The phosphorylation cascade induced by T cell activation is generally accepted to be initiated by SFK (18). To confirm in our system that the bulk of the tyrosine-phosphorylated proteins that are recruited to the TCR/CD3 complex during immobilized mAb stimulation are dependent on the activation of SFK, we examined the effect of inhibiting SFK activity with PP2, a potent and selective inhibitor of SFK, particularly Lck and Fyn (12). We first assessed the effect of PP2 on a CTL functional response, specifically degranulation. At concentrations of 5–20 μM, PP2 completely inhibited TCR-triggered degranulation, whereas the inactive analog, PP3, had no impact on degranulation (Fig. 3,A). To ensure that these concentrations of PP2 effectively inhibited SFK activity, we examined the ability of Lck to phosphorylate a protein substrate (MBP) on tyrosine in the presence of PP2 or PP3. We were unable to examine Fyn activity because its expression was barely detectable in these cells (data not shown). Lck was immunoprecipitated from unstimulated AB.1 clones in the presence of PP2 or PP3 with an anti-C-terminal Ab, which results in maximal Lck activity (data not shown), probably by binding in such a way that the Lck is in an open and active conformation. The Lck immunoprecipitates were then used in in vitro kinase reactions with MBP as a substrate in the presence of PP2 or PP3. After the reaction, Lck immunoprecipitates were recovered by centrifugation, and the supernatant containing MBP was used to analyze the phosphorylation status of MBP. In the presence of PP3, Lck is active and phosphorylates MBP on tyrosine residues (Fig. 3,B). However, with concentrations of PP2 ranging from 10 to 20 μM, MBP was not phosphorylated, indicating that Lck kinase activity was effectively inhibited in this assay system. An NRS control immunoprecipitate was used in an identical kinase reaction to detect any kinase activity that may be nonspecifically associated with protein A-coated beads. A Coomassie stain of a gel containing a fraction of the substrate supernatants showed that equal amounts of MBP were present in each sample. The Lck proteins bound to the protein A-coated beads were also loaded onto gels and probed with anti-Lck to demonstrate that similar amounts of Lck were present in the kinase assays. We also examined the effect of SFK inhibition on general tyrosine phosphorylation and recruitment of proteins to the TCR/CD3 complex after stimulation with immobilized anti-CD3. It is clear that 10 μM PP2 is sufficient to abolish nearly all detectable anti-CD3-induced tyrosine phosphorylation in the lysate (Fig. 3 C).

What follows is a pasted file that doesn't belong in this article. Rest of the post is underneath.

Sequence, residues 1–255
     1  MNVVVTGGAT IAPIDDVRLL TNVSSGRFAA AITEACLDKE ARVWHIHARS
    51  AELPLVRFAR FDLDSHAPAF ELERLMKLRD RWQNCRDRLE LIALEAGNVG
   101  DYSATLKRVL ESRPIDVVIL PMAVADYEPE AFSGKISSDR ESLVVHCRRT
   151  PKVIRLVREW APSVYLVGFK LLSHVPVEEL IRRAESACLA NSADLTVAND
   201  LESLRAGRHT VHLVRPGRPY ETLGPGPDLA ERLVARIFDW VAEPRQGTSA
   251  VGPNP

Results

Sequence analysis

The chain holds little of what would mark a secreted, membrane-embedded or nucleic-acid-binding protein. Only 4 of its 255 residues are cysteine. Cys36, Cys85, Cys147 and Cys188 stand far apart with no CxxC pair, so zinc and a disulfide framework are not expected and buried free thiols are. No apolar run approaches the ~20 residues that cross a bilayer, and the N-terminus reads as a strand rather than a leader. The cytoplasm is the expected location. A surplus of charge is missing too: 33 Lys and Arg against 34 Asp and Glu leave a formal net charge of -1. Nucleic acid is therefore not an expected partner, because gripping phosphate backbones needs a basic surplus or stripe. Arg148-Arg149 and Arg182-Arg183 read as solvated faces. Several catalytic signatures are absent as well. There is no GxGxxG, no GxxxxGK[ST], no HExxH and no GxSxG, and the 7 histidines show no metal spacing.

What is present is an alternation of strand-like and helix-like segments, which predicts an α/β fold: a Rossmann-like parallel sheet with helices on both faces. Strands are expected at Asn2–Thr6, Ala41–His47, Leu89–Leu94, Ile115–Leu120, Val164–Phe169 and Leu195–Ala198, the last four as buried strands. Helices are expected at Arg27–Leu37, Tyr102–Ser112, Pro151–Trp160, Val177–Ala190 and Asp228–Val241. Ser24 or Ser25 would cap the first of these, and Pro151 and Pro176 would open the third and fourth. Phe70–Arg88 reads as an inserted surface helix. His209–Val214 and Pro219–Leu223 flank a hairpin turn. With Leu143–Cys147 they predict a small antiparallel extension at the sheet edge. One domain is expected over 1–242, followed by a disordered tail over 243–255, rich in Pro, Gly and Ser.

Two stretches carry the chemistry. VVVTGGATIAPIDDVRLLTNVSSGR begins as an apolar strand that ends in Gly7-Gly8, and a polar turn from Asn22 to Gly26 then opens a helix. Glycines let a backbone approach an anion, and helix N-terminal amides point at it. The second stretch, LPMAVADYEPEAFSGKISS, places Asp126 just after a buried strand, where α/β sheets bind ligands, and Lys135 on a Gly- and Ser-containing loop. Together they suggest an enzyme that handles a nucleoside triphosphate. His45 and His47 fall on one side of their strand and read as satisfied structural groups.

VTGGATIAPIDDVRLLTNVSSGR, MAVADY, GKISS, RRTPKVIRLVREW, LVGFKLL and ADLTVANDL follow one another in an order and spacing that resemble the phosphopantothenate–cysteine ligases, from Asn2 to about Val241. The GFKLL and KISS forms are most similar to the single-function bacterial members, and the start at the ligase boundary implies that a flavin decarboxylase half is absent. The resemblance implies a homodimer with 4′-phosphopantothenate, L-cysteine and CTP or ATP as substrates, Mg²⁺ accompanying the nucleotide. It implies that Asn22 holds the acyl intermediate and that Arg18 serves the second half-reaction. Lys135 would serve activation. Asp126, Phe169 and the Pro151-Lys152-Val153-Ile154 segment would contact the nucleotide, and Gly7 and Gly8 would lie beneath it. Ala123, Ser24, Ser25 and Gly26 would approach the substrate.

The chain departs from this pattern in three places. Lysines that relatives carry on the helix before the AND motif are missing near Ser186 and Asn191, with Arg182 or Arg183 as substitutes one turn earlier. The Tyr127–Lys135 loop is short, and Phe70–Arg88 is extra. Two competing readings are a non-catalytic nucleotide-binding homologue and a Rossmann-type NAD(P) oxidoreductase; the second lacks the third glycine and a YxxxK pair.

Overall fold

The impact of SFK inhibition on the recruitment of tyrosine-phosphorylated proteins after CD3 stimulation was next assessed. As shown in Fig. 1, a number of tyrosine-phosphorylated proteins were captured with the plate-bound Ab in the absence of any inhibitor (Fig. 4). With the inactive analog PP3, a similar profile of tyrosine-phosphorylated proteins was recruited to the TCR/CD3 complex (Fig. 4). In the presence of PP2, this recruitment was almost totally abolished, except, surprisingly, for CD3ζ, which remained phosphorylated (Fig. 4). After stimulation, with or without the inert analog PP3, a substantial fraction of phosphorylated CD3ζ appeared as a 19-kDa form, which was previously described (19), in addition to the 21- and 23-kDa forms of CD3ζ (Fig. 4). In the presence of PP2 we detected primarily the 19-kDa and low levels of the 21-kDa form, but never the 23-kDa form, of CD3ζ (Fig. 4 and data not shown). These results suggest that CD3ζ is subject to tyrosine phosphorylation in the absence of detectable Lck activity.